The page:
In a log on Vox today, professor of economy at Reykjavik University Fridrik Mar Baldursson contemplates the new agreement and the third round of solving the issue. Baldurson concludes:

We have come out of the laboratory and into the real world with all its complexities. This is not a one-shot ultimatum game, but a repeated real-life game with high stakes, and the rules are made up as we go along.

*An earlier log on the latest Icesave agreement can be found here.

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Written by Sigrún Davídsdóttir

January 10th, 2011 at 5:52 pm

Posted in Iceland

Landsbanki: handouts to the largest shareholders to the bitter end

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Like Kaupthing’s management the Landsbanki managers had their largest clients and shareholders in mind to the bank’s bitter end. But they seem to have gone to greater lengths when it came to documentation.

Three Landsbanki managers, Halldor Kristjansson, Sigurjon Arnason and Elin Sigfussdottir, met on October 6 2008, when the bank had already been taken over by the FME (the Icelandic financial services authority), for an ‘informal meeting’, according the minutes. Investigation that my colleagues at RUV (the Icelandic State Broadcaster) and I did shows that actually this meeting probably never took place. The minutes was most likely only meant to serve as a documentation for loans that had already been handed out but without the proper process.

According to the minutes the loans are by no means comparable to the sums handed out by Kaupthing (partly wishful because Kaupthing hardly had the money to follow up on the loans). All in all, the Landsbanki managers were documenting loans of ISK117bn (€763m). About ISK70bn (€457m) were loans to companies connected to the bank’s major shareholders, Bjorgolfur Gudmundsson and his son Bjorgolfur Thor.

One loan, of ISK27bn (€176m), was to Samson, owned by father and son, related to guarantees regarding the XL Leisure guarantee that still hung on Eimskip, where Gudmundsson was a major shareholder, after XL went dramatically bankrupt in September 2008.* Other loans were related to Grettir companies, owned by Gudmundsson: one Grettir company got a loan so that another Grettir company could reduce its loans to Landsbanki – a common way of shifting loans around in all the banks since the banks had lent way too much to major shareholders and favoured clients and were trying to hide exposures that exceeded the legal limits to large exposures.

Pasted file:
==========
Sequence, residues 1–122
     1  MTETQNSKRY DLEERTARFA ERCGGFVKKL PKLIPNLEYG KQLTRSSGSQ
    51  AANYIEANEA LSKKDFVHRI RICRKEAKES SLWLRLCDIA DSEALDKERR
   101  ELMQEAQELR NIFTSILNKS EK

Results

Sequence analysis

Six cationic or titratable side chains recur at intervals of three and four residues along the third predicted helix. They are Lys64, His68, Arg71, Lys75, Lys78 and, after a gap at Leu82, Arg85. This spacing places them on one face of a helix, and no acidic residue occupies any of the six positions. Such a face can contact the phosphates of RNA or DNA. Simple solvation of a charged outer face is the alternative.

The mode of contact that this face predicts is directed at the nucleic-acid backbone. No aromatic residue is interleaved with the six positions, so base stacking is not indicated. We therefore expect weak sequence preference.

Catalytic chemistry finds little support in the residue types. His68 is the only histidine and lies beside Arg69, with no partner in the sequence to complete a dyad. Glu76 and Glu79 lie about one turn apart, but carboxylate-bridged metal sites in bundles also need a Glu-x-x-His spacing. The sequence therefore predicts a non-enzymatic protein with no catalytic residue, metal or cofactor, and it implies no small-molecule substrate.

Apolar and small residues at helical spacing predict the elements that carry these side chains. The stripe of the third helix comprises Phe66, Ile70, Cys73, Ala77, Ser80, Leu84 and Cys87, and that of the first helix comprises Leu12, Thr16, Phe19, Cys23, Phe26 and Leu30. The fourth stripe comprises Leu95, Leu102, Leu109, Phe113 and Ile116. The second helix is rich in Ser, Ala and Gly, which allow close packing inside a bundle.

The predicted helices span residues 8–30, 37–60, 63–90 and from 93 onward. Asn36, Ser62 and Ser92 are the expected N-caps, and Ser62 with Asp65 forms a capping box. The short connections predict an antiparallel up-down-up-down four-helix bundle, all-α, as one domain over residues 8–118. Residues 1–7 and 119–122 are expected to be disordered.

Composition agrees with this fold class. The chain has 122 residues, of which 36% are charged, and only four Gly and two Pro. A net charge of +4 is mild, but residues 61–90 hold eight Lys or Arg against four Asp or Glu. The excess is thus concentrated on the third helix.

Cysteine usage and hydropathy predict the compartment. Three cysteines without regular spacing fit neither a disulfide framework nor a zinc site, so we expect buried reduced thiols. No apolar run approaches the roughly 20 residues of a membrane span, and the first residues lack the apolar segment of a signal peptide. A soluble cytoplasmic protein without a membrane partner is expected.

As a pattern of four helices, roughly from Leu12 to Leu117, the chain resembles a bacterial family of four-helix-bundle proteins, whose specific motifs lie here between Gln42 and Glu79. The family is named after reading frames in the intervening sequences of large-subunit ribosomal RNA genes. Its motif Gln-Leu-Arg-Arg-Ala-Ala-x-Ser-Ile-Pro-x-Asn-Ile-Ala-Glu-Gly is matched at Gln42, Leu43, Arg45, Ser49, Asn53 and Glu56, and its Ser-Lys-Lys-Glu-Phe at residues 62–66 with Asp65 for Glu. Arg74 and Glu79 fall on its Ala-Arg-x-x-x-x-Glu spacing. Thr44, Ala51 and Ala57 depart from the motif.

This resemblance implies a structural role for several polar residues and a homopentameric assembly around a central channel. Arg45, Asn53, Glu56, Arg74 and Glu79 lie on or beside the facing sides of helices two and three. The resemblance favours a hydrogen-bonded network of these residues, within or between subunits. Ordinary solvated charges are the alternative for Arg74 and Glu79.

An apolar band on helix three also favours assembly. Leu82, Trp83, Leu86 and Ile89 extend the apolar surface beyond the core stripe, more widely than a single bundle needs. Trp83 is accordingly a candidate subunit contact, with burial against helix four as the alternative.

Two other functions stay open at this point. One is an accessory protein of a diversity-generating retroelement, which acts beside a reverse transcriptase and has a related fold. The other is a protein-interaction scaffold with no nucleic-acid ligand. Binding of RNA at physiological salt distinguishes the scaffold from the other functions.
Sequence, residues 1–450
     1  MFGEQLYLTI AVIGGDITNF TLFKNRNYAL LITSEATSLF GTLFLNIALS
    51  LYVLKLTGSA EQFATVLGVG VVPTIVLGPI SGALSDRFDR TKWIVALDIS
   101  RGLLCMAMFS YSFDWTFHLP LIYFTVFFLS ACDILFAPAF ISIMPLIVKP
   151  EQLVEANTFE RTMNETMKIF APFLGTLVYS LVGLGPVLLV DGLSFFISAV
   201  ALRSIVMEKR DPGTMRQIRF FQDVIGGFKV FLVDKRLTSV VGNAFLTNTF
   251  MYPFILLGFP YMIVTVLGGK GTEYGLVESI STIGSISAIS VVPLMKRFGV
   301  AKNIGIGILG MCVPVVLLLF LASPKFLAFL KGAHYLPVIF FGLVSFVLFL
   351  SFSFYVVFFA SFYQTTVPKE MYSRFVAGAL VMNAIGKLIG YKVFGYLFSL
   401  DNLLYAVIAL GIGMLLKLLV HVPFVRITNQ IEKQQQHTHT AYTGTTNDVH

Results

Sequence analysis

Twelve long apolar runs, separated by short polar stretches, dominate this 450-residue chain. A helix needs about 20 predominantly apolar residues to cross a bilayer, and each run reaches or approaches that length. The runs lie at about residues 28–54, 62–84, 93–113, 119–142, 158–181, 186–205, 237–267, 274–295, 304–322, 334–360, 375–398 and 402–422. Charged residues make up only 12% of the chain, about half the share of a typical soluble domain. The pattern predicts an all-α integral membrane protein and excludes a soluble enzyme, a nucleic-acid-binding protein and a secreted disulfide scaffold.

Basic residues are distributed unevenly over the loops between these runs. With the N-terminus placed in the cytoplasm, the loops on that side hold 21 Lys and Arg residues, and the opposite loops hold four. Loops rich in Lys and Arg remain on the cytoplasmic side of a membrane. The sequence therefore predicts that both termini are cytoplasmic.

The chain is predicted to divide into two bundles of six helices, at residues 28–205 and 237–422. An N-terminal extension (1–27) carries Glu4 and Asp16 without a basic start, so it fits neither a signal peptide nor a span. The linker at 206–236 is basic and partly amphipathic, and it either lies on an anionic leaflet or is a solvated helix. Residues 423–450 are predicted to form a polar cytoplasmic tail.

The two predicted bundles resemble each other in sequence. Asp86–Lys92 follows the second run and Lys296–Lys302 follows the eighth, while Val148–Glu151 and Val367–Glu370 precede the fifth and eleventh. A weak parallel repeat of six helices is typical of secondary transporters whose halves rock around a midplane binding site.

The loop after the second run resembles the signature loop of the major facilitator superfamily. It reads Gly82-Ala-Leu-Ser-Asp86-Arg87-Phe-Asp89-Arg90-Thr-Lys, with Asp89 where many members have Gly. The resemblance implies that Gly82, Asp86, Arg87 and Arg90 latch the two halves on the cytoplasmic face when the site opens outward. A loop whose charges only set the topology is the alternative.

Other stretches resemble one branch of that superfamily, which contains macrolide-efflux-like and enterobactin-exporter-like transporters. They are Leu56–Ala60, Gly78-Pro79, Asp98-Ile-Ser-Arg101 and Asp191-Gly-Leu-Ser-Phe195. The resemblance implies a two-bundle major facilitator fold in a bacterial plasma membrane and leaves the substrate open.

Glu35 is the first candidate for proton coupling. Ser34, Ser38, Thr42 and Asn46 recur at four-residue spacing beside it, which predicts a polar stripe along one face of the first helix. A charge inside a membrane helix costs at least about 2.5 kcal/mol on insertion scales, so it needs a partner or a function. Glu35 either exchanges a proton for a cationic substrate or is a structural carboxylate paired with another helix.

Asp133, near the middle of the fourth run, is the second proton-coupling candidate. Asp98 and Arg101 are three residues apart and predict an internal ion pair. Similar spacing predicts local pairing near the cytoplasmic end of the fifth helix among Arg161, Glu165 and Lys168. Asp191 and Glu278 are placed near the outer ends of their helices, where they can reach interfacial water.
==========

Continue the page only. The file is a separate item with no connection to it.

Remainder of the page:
Another loan, documented at this non-meeting, was ISK5,1bn (€33,5m) to a company called Imon, owned by a close associate of Baugur, Magnus Armann. Imon’s role was to buy Landsbanki shares the week before the collapse. The scheme was that Landsbanki, which could no longer buy more of its own shares, then lent Imon funds to buy the shares so the share price wouldn’t be affected by the ongoing sales. The feeling is also that certain people could then sell shares though it’s not clear who possibly profited. Overview of sales in Landsbanki shares these fateful days doesn’t show any major sales, i.e. no big stakes were sold off in single sales. In Iceland Imon has become synonymous with the activities the bank engage in just before the collapse to keep everyone in the dark about the real situation in the banks.

In an earlier log I told the story of Stytta. In the minutes of Landsbanki Oct. 6 meeting there are also loans related to Stytta and shifting of loans so as to hide huge exposures to Palmi Haraldsson, yet another businessman closely associated to Baugur.

The Landsbanki Oct. 6 minutes gives an idea of whom the bank had in mind as the last documents were prepared, in this case after the bank had been taken over. Soon after the collapse of the bank Kristjansson and Arnason resigned but Sigfussdottir was appointed a CEO. This shows that after the bank did indeed collapse someone closely linked to the old bank, its main shareholders and big clients, was running the new bank. The question is how much of the spirit of the old bank lived on in the new bank, the spirit of favouring those already with way too large exposures.

* Bjorgolfur Thor Bjorgolfsson runs a website to clarify his points of view to the Icelandic public but unfortunately this website is only in Icelandic. He maintains that he and his father did not offload the guarantee on to Landsbanki. Others dispute his point of view regarding XL Leisure, the Eimskip guarantee and Samson’s role in the XL Leisure story. The Oct. 6 minutes does mention a loan to Samson related to the XL Leisure guarantee.

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Written by Sigrún Davídsdóttir

January 10th, 2011 at 12:41 pm

Posted in Iceland

Re Kaupthing and large exposures

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The exposure that Kaupthing created by offering to lend Alisher Usmanov and related parties ISK270bn exceeds the legal limit according to Icelandic legal act on financial institutions from 1996. This exposure was around 58% of the bank’s equity base whereas the legal limit is only 25%.